In 2011, the number of state abortion restrictions skyrocketed. In fact, according to the Guttmacher Institute
, there are now 80 new restrictions on abortions spread over just 19 states. Some of the restrictions, like Ohio's heartbeat bill (which would render abortion illegal after 6-10 weeks) and the Gestational Ban in Kansas, Indiana, Oklahoma, Alabama and Illinois (which would render abortions illegal after 20 weeks) are based on the false claim that fetuses can feel pain, and are bills designed to slowly make abortion more stigmatized. Other restrictions, such as requiring counseling and a waiting period, which has been adopted by five states in 2011, are simply barriers to make obtaining an abortion more difficult.
The two bills being considered by the Pennsylvania state legislature
have already been introduced in other states, and are little more than backhanded attempts to completely eliminate abortion providers. The first, Pennsylvania’s Senate Bill 3
, which would ban insurance companies that cover abortion in an exchange, would ensure that women who already have plans that would cover their procedures would lose that coverage. These restrictions on abortion coverage are already in effect in eight states, including Nebraska and Utah. Pennsylvania’s Senate Bill 732
is strikingly similar to the law passed earlier this year in Virginia – the draft regulations just came out this past week. It would force abortion providers to comply with the same regulations as a hospital or surgical facility, an unnecessary and expensive mandate which could undoubtedly cause many providers to close down and cause the cost of procedures to rise.
Pennsylvanians who rally with us on Sept. 27th
have a chance to speak out on behalf of themselves, but also a chance to speak out for all others living in a state where these restrictions may happen. And if you can’t attend in person, you can join us in solidarity by participating in the twitter rally
going on at the same time! These attacks on women are nationwide, and while we can fight for our own individual state, we still must fight in unity.
By Katherine I had the incredible privilege of speaking with Linn Duvall Harwell, one of the founders of the Clara Bell Duvall Reproductive Freedom Project at the ACLU about the recent legislative attacks on reproductive rights. During our conversation, Linn shared with me that her husband is in hospice care and doesn’t have long to live. The fact that she wanted to take time to speak with me during such a difficult moment points to her steadfast, lifelong commitment to the issue of reproductive freedom for women.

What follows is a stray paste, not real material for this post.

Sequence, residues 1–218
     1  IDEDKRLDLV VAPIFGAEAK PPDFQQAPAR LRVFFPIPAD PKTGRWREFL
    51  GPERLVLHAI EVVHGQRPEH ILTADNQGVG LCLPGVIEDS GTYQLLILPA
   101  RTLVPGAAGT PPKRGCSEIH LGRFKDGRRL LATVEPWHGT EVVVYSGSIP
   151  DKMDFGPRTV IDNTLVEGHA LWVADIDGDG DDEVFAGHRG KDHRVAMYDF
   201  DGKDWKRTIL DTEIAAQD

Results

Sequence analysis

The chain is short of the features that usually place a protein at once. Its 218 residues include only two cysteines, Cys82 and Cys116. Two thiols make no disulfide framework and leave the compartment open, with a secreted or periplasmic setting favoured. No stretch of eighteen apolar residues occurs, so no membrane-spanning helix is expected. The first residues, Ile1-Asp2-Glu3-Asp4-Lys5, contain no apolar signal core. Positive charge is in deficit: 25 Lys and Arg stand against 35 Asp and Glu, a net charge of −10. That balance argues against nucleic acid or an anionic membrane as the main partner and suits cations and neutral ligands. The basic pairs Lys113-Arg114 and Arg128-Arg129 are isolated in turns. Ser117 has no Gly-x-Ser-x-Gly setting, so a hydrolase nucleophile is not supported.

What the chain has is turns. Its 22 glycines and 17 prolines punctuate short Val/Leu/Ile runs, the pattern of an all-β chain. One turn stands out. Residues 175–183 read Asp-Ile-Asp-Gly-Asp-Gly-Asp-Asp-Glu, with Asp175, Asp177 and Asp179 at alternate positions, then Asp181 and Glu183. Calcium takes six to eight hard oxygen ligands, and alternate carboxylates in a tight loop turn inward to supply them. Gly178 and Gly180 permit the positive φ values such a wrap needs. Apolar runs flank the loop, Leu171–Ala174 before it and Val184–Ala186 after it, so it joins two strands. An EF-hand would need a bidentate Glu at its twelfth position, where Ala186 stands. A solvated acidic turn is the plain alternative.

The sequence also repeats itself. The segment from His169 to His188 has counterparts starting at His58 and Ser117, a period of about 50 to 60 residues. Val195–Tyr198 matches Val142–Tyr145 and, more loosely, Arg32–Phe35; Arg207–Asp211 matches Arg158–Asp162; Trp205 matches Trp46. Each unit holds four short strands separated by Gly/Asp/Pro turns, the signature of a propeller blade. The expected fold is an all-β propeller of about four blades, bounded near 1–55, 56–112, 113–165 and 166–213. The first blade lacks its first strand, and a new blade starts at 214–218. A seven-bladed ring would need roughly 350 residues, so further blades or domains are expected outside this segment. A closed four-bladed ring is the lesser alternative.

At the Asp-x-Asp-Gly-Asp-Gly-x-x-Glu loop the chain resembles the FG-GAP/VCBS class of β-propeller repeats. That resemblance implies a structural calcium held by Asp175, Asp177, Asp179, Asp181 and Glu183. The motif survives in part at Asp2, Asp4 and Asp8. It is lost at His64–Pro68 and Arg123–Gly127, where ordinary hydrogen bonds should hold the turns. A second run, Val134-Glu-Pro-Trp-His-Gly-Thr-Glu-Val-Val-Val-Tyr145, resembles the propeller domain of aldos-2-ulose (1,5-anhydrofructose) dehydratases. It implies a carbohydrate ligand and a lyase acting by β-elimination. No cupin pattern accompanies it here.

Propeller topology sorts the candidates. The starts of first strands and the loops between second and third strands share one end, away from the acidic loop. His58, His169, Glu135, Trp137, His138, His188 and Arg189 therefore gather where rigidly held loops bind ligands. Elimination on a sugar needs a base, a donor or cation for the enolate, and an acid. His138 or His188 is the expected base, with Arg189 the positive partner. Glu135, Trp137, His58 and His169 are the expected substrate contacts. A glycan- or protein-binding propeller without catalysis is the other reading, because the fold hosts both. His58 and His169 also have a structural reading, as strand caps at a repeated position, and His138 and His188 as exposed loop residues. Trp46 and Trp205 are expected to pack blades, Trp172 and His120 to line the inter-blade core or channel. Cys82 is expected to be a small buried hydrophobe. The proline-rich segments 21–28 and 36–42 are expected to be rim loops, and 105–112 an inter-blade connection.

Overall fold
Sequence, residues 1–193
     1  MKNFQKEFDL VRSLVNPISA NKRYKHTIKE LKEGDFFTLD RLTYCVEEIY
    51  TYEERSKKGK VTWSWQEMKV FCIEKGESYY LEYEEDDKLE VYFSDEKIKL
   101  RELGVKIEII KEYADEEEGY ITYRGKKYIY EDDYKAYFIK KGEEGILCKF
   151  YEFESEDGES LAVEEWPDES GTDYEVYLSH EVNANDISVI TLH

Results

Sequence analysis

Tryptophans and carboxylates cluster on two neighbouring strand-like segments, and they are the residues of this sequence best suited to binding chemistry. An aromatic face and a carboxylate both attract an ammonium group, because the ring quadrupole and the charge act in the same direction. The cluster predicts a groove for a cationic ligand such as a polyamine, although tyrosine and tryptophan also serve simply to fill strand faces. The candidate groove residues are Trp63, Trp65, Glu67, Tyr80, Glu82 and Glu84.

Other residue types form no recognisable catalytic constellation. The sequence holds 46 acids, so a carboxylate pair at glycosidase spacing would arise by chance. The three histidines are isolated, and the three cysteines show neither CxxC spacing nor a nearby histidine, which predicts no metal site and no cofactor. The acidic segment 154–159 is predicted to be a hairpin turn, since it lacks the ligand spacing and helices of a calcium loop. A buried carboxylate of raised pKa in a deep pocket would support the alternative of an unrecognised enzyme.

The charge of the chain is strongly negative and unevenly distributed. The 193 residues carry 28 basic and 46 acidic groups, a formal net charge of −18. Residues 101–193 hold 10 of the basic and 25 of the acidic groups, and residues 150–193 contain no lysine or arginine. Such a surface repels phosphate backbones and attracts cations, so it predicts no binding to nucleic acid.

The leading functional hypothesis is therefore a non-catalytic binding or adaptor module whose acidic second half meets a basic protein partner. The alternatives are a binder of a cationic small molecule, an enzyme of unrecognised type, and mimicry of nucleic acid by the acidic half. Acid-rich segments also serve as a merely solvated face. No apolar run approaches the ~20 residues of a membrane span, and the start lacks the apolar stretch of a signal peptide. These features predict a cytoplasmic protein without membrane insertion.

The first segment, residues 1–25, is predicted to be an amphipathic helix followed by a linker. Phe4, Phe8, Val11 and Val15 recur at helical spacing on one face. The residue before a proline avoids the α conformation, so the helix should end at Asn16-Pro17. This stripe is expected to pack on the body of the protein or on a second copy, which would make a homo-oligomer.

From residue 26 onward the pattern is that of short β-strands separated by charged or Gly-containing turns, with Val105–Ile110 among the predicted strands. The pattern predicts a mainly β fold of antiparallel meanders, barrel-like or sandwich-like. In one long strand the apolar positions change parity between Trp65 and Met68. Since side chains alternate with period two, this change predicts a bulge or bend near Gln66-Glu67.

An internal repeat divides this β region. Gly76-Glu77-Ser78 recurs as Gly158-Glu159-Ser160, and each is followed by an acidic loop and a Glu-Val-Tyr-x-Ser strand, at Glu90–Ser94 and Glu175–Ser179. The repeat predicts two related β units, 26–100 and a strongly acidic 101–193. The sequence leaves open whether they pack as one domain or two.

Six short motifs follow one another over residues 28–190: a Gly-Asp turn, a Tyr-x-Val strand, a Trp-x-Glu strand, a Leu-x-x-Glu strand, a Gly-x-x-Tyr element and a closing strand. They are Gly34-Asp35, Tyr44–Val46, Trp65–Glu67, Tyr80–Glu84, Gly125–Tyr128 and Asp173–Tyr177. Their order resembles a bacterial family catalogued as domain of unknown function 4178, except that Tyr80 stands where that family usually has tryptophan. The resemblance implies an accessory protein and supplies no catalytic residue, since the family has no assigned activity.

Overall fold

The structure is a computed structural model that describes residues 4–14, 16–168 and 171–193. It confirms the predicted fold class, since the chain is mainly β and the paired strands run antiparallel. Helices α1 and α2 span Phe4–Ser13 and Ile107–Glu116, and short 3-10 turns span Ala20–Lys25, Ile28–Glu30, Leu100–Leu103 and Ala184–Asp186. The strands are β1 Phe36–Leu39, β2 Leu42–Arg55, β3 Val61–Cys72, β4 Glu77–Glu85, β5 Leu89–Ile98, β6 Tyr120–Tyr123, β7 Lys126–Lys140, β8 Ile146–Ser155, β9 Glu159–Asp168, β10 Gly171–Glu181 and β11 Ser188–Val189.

Linn Harwell’s mother, Clara Bell Duvall was the victim of an unsafe abortion in the 1920s, well before abortion was legalized under Roe V. Wade in 1973. This tragic event stayed with her and became the catalyst for her career and commitment to women’s reproductive rights activism.
During our conversation, she shared her disgust with proposed Senate Bill 732
and said, “I am appalledto witness the continuity of that effort from many years ago to reinstate those kinds of restrictions. For me, it all equals restrictions for women.”
She believes that supporters of the anti-abortion movement lack knowledge of the conditions that existed before Roe V. Wade
and “do not know the history that preceded Roe v. Wade
and why Roe v. Wade
came to be.”
She urges Pennsylvanians to open their eyes to the gravity of the issue and reminds us of a time when things were not so easy, a time that could become a reality once again if we do not take action. “Please don’t take these things for granted. Call your representative and tell them where you are and what you need to prevent tragedies in the public health of our nation,” she said.
She stressed the importance of men’s participation in the effort and believes that educating men about reproductive health and preventative medicine would provide them with a basis to take action. “The relationship of the man who is relating to the woman in need is essential and we are neglecting educating men on this issue,” she said. She believes that her husband’s unwavering support has been a strong presence in her career as an activist and in her role as a mother.
Linn believes "We've Had Enough"
could transform the movement:“All my life I have regretted the nature of my mother’s death and so I have worked for women I have never known and I would love to see Pennsylvania pick up and care about people that they don’t know.” This blog post has been cross posted at Speaking Freely, the blog of the ACLU of PA: http://aclupa.blogspot.com/2011/09/when-abortion-was-illegal.html